× How to Survive an Earthquake INSIDE A BUILDING Drop to the ground on your hands and knees. Cover your head and neck with your arms. Find cover under a sturdy table or in the corner of the room as soon as it's safe to do so and move away from windows and tall, heavy furniture until the shaking stops. DRIVING Stop your car and wait for the shaking to stop. Get away from buildings, trees, overpasses, and utility wires. After the quake, proceed to a safe place while avoiding bridges, overpasses, and other road structures that may have been damaged in the quake. OUTSIDE: In the City Move away from buildings, trees, power poles, drop and cover your head with your arms. In the Mountains Be aware of the possibility of landslides. After the shaking stops, move away from slopes and hillsides that might move. At the Beach Be aware of the possibility of tsunamis.  After the shaking stops, move away from the water as quickly and safely as possible.

| October 28, 2016

Last updated: November 28, 2017

Manly Skills, Survival, Visual Guides

How to Survive an Earthquake: Your 60-Second Guide

how to survive an earthquake illustration

The Gulf Coast and East Coast have hurricanes, the Midwest and South have tornados, and the West Coast faces tsunami threats. No area of the country is without their own special brand of natural disaster to worry about. Earthquakes, however, span state lines, cross mountain ranges, and traverse climates. With the increased practice of deep wastewater disposal in the oil and gas industry, even the typically stable Midwest and central areas of the country are seeing an exponential rise in the number of earthquakes strong enough to get your house shaking (e.g., before 2009 there were an average of two magnitude 3+ earthquakes in Oklahoma; last year there were 907).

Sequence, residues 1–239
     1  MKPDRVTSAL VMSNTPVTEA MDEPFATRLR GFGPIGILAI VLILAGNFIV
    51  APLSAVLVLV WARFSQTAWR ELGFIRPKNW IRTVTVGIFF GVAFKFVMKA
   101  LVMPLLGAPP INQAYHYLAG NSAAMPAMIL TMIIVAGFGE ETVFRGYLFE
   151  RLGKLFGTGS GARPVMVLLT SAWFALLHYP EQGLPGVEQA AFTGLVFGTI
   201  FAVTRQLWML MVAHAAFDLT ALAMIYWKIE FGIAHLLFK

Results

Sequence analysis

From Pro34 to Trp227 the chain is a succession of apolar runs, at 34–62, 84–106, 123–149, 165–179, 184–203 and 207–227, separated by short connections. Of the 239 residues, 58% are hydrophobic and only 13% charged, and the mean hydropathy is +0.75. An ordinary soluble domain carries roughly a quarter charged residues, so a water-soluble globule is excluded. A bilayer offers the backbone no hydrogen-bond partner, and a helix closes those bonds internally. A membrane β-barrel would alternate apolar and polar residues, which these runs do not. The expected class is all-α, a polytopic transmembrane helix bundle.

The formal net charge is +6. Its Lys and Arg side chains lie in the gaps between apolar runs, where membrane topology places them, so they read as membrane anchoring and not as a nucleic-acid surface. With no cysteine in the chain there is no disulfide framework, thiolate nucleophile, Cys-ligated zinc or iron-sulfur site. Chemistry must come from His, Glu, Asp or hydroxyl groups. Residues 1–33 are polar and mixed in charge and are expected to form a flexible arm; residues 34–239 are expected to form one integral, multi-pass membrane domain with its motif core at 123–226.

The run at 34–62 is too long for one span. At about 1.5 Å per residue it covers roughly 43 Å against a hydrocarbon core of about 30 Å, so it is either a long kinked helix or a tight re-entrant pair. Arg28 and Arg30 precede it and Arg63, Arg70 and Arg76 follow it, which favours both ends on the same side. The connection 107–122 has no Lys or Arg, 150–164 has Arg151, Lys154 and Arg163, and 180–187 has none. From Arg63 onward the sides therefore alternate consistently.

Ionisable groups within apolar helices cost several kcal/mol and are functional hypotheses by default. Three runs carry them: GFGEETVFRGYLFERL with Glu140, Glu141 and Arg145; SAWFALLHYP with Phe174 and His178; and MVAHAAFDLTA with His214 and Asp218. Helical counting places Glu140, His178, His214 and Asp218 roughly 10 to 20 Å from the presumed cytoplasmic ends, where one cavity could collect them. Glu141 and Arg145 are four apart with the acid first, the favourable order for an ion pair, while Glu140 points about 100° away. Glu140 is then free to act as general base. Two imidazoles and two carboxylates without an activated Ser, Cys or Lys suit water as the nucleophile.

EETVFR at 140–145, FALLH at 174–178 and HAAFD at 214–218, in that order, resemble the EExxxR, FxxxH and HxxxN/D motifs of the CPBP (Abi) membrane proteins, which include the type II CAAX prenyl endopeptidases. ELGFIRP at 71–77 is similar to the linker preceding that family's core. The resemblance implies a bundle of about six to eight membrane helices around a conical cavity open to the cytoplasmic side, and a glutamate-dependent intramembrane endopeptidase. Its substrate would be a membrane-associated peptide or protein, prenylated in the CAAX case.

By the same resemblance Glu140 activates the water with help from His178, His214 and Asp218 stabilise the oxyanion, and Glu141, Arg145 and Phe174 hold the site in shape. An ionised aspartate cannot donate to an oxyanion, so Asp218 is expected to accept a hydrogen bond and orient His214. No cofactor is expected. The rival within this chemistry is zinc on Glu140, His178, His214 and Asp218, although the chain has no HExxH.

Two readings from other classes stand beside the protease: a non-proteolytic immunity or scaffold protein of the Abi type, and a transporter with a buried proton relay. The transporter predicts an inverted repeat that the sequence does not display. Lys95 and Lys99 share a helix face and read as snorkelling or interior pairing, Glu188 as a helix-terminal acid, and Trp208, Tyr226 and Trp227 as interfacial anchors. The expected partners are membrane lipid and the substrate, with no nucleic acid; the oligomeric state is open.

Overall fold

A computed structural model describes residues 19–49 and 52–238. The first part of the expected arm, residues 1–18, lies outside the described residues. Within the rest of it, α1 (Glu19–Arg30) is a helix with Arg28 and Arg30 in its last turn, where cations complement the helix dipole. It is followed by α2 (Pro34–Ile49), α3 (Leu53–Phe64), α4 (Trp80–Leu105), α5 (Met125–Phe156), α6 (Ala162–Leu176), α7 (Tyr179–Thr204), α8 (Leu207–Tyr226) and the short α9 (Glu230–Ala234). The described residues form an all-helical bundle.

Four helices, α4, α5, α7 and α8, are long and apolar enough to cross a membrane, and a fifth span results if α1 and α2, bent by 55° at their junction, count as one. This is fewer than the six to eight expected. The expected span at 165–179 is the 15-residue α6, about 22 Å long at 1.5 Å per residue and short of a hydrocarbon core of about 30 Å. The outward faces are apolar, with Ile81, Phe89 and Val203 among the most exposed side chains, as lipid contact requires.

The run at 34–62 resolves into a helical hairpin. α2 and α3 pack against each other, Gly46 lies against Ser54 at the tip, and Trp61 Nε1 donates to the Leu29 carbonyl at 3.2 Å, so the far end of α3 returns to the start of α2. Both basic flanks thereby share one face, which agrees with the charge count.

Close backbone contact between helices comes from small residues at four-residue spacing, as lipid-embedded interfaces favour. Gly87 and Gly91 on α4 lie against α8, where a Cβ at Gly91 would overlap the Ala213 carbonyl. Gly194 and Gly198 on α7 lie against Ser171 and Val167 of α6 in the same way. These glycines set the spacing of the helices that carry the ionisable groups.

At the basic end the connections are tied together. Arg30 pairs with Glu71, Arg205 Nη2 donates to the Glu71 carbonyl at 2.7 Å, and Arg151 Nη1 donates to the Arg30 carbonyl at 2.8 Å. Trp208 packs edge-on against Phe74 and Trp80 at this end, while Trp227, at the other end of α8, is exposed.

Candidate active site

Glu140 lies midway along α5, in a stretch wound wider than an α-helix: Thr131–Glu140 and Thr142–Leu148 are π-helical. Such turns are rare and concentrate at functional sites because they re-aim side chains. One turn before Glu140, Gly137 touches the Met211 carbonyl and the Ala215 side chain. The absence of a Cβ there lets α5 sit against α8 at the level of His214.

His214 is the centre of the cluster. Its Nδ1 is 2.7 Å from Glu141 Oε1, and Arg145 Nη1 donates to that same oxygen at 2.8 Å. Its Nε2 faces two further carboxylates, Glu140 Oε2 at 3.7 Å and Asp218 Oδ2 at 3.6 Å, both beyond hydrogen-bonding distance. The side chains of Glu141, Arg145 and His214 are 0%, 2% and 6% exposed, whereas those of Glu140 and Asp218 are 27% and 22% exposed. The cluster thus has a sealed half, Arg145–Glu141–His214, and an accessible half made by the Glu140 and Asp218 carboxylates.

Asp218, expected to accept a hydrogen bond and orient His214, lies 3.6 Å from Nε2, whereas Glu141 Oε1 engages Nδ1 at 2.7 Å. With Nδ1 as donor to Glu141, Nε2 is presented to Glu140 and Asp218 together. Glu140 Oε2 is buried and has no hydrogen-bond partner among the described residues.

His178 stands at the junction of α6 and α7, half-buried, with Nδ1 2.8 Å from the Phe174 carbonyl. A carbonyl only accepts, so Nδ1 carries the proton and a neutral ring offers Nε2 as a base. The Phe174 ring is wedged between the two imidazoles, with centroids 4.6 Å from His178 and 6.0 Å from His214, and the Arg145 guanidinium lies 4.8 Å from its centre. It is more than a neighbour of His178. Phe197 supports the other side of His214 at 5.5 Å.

Surviving an earthquake starts far before the tremors begin, with careful preparation and planning. You should have enough food and water (a gallon per person per day) to last a minimum of three days, and communicate to friends and family where to meet and how to contact each other after an earthquake, assuming phone lines and electricity are down. Finally, take time to go through your house and secure tall, heavy pieces of furniture and appliances that might topple over. After an earthquake, be prepared to experience powerful aftershocks, and try to get to an open area as soon as it’s safe to do so. During an earthquake, the best survival techniques depend on your surroundings, so heed the tips above.

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Illustration by Ted Slampyak